SplaterFilms.com goes one-on-one with the director of this After Dark HorrorFest flick
The newly annual After Dark HorrorFest 2007 hits the theaters today, and one of the films in this horror lineup is Lake Dead. Our very own Mushy got a chance to interview the film's director, George Bessudo. Here's what he had to say.
How did you come up with the idea for Lake Dead?
George Bessudo:Lake Dead was actually conceived by Dan Coughlin (the writer) but he and I worked on various elements together in order to bring it closer to my style of storytelling. Dan had a fantastic screenplay with some truly gruesome scenes but I wanted a bit more back-story and some additional character development. In the end we came up with a script that both of were really happy with.
Since it seems that audiences have gotten a bit comfortable with certain forms of violence and on screen scares, in what ways did you try and subvert their expectations with Lake Dead?
George Bessudo: Dan introduces some very disturbing elements that I really hadn't seen in this genre of film. Some of the most shocking moments in the movie have nothing to do with violence or gore. They're more about the incredibly demented psyche of some of our characters. I'm sure you want to know exactly what I mean but revealing it now would be a major spoiler.
What was the most difficult part of making Lake Dead?
George Bessudo:Lake Dead was made on a really tight budget so the main challenge for me was an extremely short production schedule. We had to get the movie done in only 15 shooting days so that made for a lot of re-thinking and improvising on the set. Often that type of shooting is very stressful but in our case it proved beneficial because we came up with some great stuff on the fly.
Is there something you learned while making Lake Dead that you didn't know before? Something that hit you after the production was over?
George Bessudo:Lake Dead is my first feature film so I learned many things. I think the biggest has to do with the previous question. Before Lake Dead I was accustomed to working off of storyboards and having every detail of a scene worked out far in advance of production. I had everything mapped out this time around as well but I quickly found that my plans were a bit ambitious (that's a bit of an understatement) based on our shooting schedule. In the end we had to do a lot of on-set improvising and that actually led to some of my favorite scenes. It's still not my preferred way to make a movie but this time around it really worked out.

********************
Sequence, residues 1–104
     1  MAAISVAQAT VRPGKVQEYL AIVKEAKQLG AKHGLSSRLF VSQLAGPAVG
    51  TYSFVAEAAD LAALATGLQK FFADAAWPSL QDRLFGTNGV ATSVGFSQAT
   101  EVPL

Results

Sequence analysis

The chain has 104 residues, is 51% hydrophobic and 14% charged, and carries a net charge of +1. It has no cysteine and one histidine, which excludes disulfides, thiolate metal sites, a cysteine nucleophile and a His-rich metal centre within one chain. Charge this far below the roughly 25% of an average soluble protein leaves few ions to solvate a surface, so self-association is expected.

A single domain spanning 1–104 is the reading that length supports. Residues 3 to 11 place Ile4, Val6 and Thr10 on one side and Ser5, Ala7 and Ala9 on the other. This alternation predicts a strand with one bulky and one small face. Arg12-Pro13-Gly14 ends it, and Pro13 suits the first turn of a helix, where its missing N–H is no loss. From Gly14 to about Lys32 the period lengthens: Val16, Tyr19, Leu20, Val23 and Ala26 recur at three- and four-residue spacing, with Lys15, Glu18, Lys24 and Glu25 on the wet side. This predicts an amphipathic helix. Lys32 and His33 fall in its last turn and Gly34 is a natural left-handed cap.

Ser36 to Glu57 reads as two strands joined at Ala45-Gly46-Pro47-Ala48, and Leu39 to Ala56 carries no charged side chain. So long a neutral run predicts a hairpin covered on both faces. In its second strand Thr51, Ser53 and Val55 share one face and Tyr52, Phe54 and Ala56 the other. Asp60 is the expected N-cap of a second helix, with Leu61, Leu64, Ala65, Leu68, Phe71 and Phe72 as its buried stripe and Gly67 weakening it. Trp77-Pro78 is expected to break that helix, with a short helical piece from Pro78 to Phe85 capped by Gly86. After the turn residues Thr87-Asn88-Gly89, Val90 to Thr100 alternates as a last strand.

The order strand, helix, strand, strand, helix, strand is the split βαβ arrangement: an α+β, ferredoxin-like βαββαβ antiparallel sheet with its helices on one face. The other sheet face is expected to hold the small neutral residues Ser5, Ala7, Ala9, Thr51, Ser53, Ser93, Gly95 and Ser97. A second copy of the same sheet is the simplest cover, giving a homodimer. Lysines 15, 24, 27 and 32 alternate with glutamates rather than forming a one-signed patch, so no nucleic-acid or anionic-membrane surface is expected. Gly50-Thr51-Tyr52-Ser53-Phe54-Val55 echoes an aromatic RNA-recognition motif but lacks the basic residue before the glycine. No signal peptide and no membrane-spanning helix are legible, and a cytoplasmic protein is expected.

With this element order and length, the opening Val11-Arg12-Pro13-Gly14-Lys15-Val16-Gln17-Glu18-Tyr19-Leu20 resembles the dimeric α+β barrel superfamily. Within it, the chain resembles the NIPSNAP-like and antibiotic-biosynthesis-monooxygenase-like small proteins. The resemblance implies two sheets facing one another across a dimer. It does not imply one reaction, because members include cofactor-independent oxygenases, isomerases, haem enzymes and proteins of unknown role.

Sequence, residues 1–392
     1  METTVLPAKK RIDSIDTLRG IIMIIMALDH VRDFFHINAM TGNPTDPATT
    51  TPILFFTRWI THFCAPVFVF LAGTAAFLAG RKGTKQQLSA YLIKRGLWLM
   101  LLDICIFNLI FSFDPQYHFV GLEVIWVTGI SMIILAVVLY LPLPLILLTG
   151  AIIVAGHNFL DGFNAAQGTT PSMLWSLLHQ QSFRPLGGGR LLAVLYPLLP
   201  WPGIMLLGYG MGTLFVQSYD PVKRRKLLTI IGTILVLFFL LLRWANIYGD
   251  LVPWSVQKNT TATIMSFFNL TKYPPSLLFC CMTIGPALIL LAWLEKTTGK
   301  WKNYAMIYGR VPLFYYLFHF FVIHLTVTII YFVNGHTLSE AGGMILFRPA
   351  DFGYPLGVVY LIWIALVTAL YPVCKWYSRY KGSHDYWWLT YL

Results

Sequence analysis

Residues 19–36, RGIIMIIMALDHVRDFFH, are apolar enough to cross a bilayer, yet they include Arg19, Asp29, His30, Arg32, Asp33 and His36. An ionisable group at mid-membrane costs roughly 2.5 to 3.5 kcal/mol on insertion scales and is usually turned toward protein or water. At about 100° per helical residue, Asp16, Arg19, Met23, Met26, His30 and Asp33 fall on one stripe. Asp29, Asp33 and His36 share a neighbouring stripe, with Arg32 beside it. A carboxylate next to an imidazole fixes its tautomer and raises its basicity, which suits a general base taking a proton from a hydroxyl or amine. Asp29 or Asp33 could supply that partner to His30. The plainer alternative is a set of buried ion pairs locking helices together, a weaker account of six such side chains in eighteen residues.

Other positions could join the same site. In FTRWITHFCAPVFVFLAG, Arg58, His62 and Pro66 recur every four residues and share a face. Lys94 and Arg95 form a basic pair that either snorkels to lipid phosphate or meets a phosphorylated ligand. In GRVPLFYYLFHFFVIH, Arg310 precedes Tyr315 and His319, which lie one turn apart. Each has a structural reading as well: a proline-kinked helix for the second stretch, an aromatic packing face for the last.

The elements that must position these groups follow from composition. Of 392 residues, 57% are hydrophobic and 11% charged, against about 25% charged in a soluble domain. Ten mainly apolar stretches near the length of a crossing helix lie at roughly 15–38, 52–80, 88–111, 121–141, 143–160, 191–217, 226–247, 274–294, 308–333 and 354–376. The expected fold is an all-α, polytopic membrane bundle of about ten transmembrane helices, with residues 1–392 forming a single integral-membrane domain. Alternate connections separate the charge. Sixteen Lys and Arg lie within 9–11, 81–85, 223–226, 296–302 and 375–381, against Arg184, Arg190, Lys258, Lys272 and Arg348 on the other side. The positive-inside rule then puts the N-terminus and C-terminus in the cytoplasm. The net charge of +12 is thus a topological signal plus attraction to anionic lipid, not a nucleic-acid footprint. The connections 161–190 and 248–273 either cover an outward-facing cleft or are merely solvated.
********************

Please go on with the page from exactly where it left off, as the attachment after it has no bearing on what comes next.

Why do you think horror films are so popular now? They seem bigger than they've ever been?
George Bessudo: It's really hard to say. I think one of the reasons is that many people are looking for a visceral experience when they go to the movies. That's just what a good horror flick delivers. Fear is a very palpable emotion.
George Bessudo: I'm a fan of the less is more school of horror. The films that scare me the most are the ones that leave the biggest moments to your imagination. I think my most frightening experiences in film occurred when I was a child and those are the movies and filmmakers that influence me the most. Films like Jaws, The Shining, Poltergeist, the original The Amityville Horror and When a Stranger Calls - those are some of the films that REALLY scared me and that I like to watch for inspiration. Horror has certainly evolved since those movies were made but for me, the 70's and 80's are the golden age of horror. I'm not frightened by films that use over the top gore or extreme violence to try and scare you. It doesn't take long to become desensitized to that sort of thing.
What are you working on next?
George Bessudo: I've recently filmed my second feature with Alliance Group Entertainment entitled Farmhouse. We're deep into post production and I'm extremely happy with the way it's turning out. I think it's really going to shock audiences when they get a chance to see it. In a good way.
You can check out Lake Dead and the other films in the After Dark HorrorFest 2007 in theaters from November 9-18.